In one or more embodiments, the vehicle controller 114 may receive sign language input from the first user 104 and determine the sign language content using, for example, pattern recognition. For example, the vehicle controller 114 can match the sign language input to patterns found in the sign language protocol. When a match is determined, a corresponding spoken language match may be found in the translation library. This spoken language match can be provided to the second user 106 as spoken language output provided through the audio output device 120. In various embodiments, the audio output device 120 is a speaker that outputs a synthesized human voice in the language type of the second user 106. In some embodiments, the audio output device 120 could be a component of the human-machine interface 122 or an integrated in-vehicle communications and entertainment system such as SYNC™. Stated otherwise, the vehicle controller 114 translates the sign language input of the first user 104 into a spoken or audible output that is provided for the second user 106. The translated content is referred to in some instances as a first target language translation. Thus, the first target language translation is provided through the audio output device for the benefit of the second user 106.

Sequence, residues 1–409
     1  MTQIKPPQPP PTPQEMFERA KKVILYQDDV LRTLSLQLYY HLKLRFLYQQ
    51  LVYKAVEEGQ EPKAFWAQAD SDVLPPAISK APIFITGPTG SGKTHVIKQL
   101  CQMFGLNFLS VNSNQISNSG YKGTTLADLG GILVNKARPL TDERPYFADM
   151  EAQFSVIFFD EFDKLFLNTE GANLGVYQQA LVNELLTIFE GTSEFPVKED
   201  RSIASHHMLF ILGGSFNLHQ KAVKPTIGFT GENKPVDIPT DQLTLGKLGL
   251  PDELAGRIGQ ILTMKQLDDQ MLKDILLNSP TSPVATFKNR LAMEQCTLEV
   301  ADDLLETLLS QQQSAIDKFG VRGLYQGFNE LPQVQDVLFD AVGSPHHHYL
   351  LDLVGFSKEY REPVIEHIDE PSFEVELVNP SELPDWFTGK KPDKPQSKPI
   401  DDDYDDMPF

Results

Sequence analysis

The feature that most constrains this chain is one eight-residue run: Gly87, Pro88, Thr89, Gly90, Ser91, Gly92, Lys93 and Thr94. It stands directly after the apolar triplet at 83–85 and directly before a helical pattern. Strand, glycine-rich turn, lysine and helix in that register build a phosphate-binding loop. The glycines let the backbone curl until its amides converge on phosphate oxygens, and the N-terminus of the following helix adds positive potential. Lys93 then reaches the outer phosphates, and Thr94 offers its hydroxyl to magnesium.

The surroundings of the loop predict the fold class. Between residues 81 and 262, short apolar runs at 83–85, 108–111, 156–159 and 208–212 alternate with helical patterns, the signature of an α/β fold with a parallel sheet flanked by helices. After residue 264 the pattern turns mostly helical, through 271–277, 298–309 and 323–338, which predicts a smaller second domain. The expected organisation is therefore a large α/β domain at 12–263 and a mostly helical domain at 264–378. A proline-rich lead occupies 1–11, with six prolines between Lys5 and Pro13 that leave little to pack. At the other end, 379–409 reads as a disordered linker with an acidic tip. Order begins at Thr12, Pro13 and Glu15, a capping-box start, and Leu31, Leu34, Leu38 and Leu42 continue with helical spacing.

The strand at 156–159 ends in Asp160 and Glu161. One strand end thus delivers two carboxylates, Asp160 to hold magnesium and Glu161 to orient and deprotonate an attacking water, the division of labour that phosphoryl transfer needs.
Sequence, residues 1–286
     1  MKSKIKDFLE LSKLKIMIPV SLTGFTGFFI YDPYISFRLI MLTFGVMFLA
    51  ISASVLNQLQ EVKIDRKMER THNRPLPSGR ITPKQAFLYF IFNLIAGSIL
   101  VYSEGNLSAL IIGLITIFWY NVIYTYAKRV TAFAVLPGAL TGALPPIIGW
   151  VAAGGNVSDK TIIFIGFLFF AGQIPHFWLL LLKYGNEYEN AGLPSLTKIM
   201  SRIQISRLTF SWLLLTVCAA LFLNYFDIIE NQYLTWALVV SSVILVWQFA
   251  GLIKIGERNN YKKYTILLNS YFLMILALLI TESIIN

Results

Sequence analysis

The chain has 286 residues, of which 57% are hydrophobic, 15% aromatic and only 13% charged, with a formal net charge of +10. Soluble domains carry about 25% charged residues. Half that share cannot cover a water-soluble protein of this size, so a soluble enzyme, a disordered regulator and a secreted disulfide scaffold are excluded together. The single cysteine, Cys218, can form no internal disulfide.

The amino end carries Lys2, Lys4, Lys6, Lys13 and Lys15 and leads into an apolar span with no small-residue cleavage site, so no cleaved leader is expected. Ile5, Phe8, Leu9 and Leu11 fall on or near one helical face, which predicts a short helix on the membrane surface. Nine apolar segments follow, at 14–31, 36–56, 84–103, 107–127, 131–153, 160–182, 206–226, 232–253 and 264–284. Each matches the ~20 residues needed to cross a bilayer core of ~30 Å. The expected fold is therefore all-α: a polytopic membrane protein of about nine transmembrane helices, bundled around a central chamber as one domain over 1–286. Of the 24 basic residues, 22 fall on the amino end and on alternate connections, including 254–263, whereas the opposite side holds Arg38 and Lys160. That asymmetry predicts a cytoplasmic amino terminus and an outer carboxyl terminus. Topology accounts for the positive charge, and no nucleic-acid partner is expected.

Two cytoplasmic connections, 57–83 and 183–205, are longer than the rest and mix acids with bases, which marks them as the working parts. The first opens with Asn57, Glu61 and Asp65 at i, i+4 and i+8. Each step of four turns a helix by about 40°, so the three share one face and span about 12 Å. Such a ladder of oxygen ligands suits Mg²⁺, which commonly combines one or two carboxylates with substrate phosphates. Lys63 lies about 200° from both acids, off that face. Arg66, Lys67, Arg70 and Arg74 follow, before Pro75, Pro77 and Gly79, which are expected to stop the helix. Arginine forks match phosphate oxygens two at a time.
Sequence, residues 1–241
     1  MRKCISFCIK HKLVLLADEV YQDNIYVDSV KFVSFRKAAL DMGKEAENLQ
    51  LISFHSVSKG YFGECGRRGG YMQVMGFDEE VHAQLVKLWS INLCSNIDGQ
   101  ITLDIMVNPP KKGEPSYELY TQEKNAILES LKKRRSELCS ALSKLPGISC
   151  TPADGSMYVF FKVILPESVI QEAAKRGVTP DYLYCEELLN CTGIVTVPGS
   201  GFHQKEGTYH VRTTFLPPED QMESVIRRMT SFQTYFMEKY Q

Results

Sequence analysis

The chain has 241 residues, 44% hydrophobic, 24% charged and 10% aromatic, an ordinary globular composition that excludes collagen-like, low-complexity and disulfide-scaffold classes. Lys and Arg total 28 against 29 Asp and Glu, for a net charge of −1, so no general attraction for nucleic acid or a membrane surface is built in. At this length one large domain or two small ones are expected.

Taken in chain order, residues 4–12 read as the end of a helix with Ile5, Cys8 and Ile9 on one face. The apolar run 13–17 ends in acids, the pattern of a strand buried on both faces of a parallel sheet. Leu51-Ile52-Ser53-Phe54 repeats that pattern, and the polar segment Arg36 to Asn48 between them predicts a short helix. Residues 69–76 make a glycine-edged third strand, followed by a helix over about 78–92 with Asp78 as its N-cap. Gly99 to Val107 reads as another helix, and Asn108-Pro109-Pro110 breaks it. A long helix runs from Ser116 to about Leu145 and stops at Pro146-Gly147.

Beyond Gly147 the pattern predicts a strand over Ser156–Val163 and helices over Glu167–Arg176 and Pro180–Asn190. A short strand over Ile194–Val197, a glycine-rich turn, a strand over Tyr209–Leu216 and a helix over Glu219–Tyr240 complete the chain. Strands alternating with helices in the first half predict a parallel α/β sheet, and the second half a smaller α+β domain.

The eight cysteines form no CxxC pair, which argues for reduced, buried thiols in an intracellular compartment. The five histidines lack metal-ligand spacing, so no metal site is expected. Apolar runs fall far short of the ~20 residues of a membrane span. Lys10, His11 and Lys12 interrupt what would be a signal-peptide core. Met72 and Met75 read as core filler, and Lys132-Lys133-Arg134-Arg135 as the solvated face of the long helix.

In order for the first user 104 to understand the spoken words of the second user 106, the microphone 116 receives spoken word or natural language input from the second user 106. The vehicle controller 114 then translates the same into sign language output using the translation library/engine. Broadly stated, the vehicle controller 114 can convert the spoken word input into sign language output. The sign language output can be further converted (if needed) into a format that can be displayed through the sign language output device 126.